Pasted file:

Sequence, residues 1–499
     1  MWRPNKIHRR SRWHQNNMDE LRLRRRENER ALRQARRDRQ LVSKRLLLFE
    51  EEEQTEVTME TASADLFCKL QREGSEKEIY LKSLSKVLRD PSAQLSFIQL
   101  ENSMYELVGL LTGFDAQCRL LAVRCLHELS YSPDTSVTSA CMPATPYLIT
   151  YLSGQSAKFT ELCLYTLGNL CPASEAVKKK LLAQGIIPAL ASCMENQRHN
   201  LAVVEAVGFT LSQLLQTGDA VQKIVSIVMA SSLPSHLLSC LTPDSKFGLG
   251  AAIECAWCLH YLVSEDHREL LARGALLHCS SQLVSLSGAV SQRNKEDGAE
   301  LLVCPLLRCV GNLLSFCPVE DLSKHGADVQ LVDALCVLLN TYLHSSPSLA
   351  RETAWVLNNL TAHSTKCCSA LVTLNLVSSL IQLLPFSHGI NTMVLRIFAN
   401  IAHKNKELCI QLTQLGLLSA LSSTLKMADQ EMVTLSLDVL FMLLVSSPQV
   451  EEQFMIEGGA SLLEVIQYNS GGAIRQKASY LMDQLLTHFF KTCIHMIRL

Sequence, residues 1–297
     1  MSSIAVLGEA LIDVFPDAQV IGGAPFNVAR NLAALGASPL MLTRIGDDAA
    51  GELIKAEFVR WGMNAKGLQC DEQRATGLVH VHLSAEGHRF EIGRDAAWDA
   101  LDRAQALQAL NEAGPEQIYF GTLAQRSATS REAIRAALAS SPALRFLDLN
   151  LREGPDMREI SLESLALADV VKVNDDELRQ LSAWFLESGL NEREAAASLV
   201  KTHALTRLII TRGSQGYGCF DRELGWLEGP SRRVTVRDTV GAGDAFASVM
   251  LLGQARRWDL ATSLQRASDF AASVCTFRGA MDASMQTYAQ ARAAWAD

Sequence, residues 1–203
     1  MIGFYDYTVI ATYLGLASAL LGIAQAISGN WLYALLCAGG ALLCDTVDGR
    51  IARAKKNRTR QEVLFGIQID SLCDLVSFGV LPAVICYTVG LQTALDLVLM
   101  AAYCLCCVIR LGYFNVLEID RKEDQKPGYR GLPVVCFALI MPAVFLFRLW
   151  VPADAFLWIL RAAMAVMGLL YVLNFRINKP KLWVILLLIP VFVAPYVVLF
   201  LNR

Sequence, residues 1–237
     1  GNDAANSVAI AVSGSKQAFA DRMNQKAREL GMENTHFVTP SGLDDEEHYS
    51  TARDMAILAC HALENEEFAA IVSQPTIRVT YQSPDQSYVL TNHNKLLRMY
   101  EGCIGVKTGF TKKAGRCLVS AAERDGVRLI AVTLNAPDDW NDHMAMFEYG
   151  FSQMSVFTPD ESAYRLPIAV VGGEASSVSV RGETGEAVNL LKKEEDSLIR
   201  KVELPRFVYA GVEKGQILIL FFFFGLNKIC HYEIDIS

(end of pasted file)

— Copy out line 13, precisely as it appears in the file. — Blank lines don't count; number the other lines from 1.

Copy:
     1  MSSIAVLGEA LIDVFPDAQV IGGAPFNVAR NLAALGASPL MLTRIGDDAA